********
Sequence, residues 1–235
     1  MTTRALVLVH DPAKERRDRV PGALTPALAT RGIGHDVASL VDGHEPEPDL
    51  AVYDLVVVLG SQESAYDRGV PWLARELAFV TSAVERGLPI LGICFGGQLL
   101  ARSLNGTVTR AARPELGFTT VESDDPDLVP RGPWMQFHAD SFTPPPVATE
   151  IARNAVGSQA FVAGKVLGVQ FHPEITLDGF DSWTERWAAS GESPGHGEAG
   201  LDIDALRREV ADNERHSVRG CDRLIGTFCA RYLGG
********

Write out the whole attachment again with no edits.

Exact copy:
Sequence, residues 1–235
     1  MTTRALVLVH DPAKERRDRV PGALTPALAT RGIGHDVASL VDGHEPEPDL
    51  AVYDLVVVLG SQESAYDRGV PWLARELAFV TSAVERGLPI LGICFGGQLL
   101  ARSLNGTVTR AARPELGFTT VESDDPDLVP RGPWMQFHAD SFTPPPVATE
   151  IARNAVGSQA FVAGKVLGVQ FHPEITLDGF DSWTERWAAS GESPGHGEAG
   201  LDIDALRREV ADNERHSVRG CDRLIGTFCA RYLGG